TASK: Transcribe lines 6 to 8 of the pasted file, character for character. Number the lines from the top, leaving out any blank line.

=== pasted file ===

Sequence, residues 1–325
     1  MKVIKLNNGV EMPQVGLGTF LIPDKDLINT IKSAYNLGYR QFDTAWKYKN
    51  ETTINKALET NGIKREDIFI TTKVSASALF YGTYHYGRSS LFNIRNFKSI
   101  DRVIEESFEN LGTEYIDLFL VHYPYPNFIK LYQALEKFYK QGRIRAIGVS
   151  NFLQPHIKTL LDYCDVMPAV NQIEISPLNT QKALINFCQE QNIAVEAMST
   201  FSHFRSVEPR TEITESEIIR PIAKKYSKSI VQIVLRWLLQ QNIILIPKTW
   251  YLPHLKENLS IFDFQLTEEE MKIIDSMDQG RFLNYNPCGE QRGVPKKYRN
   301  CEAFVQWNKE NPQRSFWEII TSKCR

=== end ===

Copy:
   201  FSHFRSVEPR TEITESEIIR PIAKKYSKSI VQIVLRWLLQ QNIILIPKTW
   251  YLPHLKENLS IFDFQLTEEE MKIIDSMDQG RFLNYNPCGE QRGVPKKYRN
   301  CEAFVQWNKE NPQRSFWEII TSKCR